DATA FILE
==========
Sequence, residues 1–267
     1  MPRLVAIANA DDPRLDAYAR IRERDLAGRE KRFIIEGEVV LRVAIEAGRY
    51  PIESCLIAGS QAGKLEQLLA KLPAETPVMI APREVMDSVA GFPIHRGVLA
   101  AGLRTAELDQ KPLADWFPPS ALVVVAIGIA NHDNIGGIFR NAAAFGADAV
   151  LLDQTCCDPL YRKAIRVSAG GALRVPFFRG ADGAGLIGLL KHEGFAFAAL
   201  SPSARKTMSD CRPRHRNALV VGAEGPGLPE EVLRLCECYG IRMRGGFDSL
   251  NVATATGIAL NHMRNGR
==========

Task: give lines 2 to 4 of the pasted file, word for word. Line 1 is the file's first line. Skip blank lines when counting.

     1  MPRLVAIANA DDPRLDAYAR IRERDLAGRE KRFIIEGEVV LRVAIEAGRY
    51  PIESCLIAGS QAGKLEQLLA KLPAETPVMI APREVMDSVA GFPIHRGVLA
   101  AGLRTAELDQ KPLADWFPPS ALVVVAIGIA NHDNIGGIFR NAAAFGADAV